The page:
Erin Azar isn't your average fitness influencer.
Yes, the 37-year-old Pennsylvania mom documents her runs on TikTok as she trains for the New Jersey Marathon. But no, she doesn't only show the glamorous parts of training.
Actually, there's nothing glamorous about Azar's runs at all -- that's the way she likes it. She says that's what makes her relatable.
"Welcome to another installment of a slightly overweight person who drinks too much beer," says Azar of Kutztown -- who goes by Mrs. Space Cadet on TikTok.
Her videos show her foggy glasses and her sweaty crotch. She talks about being half-a-mile into a four-mile run and having to pee.
She slams her phone into flowers for "aggressive nature shots" and films herself being pelted with snow as she runs through "tree tunnels."
The comic relief is just what Azar needs: She keeps herself laughing and the miles seem a lot less grueling.
"I feel like the more people see the normal people running," said Azar, "then the more people will have better motivation and know they can try it too."
Azar wasn't always a runner. She began in 2019 after the birth of her third child.
"I was mentally and physically not feeling well," she recalls. "I was exhausted, but one day I just went outside and put on my sneakers with holes in them and ratty clothes, and just started running."
Something began happening in her brain. Azar suddenly felt a lot happier. More clear-minded.
Running was just the release that Azar was looking for.
One day in 2019 while Azar was filming a run for YouTube, the runner's high seemed to hit harder than usual, and Azar announced she was going to run a marathon.
After that, she began training seriously with coach Alysha Flynn, or WhatRunsYou on TikTok.
In November 2019, Azar switched her videos from YouTube to TikTok, where one of her first-ever runs went viral with almost 3 million views.
"It was something that people obviously relate to, and I decided I was just going to keep going," she said.
But then, a few months later, COVID-19 hit and the Philadelphia Marathon got cancelled.
Azar, however, had already built a large platform and didn't want to let herself or anyone else down.
And so, she continued training and filming.
Just before the race during some of her longest runs, Azar began experiencing some serious self-doubt.
"I remember it was a 15-mile run and it took everything out of me," she said. "It was horrible and I don't know how I did it. I cried at the end."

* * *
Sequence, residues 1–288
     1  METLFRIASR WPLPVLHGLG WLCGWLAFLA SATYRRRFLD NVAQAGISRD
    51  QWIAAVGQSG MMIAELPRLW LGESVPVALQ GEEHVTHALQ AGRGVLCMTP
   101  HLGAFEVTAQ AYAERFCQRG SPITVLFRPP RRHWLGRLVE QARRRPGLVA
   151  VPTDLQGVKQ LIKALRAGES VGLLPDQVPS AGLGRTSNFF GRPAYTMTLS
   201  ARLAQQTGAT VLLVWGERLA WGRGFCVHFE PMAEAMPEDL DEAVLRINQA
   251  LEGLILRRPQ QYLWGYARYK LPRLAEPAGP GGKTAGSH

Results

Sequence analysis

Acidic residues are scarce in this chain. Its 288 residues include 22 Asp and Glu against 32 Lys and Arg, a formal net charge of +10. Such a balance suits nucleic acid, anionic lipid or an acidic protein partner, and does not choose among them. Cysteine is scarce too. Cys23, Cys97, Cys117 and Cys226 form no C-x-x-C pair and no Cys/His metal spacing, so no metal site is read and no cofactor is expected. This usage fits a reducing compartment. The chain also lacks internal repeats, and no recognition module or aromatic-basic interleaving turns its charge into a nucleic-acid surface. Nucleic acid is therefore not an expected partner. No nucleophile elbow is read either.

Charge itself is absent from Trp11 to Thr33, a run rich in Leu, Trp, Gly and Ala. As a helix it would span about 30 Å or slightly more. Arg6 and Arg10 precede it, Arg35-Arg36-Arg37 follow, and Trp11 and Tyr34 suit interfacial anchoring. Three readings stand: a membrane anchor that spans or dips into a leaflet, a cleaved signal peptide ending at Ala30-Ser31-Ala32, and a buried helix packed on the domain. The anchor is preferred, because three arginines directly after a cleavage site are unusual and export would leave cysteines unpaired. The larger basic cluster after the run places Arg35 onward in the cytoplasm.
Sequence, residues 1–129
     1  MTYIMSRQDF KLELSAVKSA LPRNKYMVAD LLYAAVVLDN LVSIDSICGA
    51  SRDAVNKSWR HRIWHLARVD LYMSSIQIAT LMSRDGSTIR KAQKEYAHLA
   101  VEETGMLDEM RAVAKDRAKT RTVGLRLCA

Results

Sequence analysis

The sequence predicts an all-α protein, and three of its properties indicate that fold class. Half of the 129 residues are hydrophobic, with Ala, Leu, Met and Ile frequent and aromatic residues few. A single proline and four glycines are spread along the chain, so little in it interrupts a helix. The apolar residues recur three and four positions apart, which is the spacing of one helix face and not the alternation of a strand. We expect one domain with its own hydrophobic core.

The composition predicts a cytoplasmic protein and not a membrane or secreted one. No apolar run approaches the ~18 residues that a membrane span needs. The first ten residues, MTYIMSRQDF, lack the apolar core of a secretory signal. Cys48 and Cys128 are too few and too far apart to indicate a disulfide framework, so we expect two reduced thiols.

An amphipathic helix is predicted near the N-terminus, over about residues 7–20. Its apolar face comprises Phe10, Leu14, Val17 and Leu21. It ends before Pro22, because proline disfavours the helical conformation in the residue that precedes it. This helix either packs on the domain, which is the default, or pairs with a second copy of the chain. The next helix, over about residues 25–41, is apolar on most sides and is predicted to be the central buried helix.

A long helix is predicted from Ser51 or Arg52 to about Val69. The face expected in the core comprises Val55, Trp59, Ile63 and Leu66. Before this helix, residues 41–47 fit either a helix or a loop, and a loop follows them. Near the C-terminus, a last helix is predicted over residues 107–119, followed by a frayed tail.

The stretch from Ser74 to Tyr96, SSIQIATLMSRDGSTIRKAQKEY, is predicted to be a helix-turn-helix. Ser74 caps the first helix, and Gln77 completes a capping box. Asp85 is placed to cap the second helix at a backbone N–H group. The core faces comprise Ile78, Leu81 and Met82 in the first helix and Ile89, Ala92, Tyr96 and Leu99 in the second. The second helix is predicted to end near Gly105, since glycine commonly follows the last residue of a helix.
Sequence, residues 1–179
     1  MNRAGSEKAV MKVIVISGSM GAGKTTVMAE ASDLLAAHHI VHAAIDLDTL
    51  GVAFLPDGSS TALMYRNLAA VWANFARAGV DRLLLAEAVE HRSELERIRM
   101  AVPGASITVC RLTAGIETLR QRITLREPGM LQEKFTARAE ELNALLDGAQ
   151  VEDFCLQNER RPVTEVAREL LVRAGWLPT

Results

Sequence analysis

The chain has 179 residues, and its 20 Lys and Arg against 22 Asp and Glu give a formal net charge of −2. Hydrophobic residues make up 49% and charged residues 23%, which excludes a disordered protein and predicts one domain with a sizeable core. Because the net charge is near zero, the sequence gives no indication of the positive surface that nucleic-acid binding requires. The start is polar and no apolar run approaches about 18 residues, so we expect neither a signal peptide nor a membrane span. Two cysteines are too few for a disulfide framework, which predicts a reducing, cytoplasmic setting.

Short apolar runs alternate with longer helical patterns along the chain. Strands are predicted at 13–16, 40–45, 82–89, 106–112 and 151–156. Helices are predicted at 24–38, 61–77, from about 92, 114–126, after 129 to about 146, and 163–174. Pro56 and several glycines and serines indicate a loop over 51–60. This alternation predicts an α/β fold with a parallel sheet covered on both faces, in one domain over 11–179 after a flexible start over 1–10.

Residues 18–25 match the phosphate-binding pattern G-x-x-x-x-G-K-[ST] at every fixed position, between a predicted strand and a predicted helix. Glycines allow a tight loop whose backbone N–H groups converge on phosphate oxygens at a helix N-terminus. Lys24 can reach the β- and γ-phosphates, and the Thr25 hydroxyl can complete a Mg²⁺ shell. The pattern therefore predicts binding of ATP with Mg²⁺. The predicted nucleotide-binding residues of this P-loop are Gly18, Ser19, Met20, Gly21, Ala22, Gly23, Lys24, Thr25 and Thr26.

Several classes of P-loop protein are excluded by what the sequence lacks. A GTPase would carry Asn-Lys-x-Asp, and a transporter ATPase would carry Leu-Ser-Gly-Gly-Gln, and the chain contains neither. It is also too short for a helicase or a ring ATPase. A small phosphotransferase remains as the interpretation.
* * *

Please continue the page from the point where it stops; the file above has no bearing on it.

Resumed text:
But, the weekend of the race, she showed up and ran the full 26.2 mile race with her coach.
"It was really rough because there was no fanfare or anyone handing out hydration or fuel," Azar said. "But I’m glad I did it."
In hopes of getting a true marathon experience, Azar signed up for the New Jersey Marathon, set for Oct. 16.
And she's filming every single run. The good, the bad and the ugly.
"What's up I'm Erin I run a 13-minute mile and I'm training for the New Jersey Marathon," she says in nearly every run video. "Today I have to run 12 miles and I'm a little scared."
In one video, Azar times how long her face stays a ripe shade of tomato red after a run on the Jersey Shore.
"Five minutes. Twenty minutes. Eternity," she writes in her video.
The truth is, Azar doesn't care what she looks like or how fast she's going.
Her goal is to finish every run, keep others inspired and being nothing other than authentic.
"There's a lot of gatekeeping in the fitness community," she said. "I feel like there's this standard for fitness influencers where you have to be serious and you have to diet on point and you have to be trying to get faster with your times.
"But I feel like that mentality will push people away from wanting to try to achieve something greater than themselves.
"For me, I just want to run 26.2 miles and I don't care if I have a 13-minute mile pace. I just want to have the experience and sense of accomplishment. I just enjoy showing that."
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